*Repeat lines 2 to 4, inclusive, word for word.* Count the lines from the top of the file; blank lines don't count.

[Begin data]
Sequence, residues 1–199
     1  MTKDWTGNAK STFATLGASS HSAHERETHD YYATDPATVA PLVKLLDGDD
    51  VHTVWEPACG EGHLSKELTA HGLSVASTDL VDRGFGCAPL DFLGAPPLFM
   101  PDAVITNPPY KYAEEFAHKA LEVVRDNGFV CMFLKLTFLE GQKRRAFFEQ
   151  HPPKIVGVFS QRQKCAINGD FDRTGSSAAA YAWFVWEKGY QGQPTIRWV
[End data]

     1  MTKDWTGNAK STFATLGASS HSAHERETHD YYATDPATVA PLVKLLDGDD
    51  VHTVWEPACG EGHLSKELTA HGLSVASTDL VDRGFGCAPL DFLGAPPLFM
   101  PDAVITNPPY KYAEEFAHKA LEVVRDNGFV CMFLKLTFLE GQKRRAFFEQ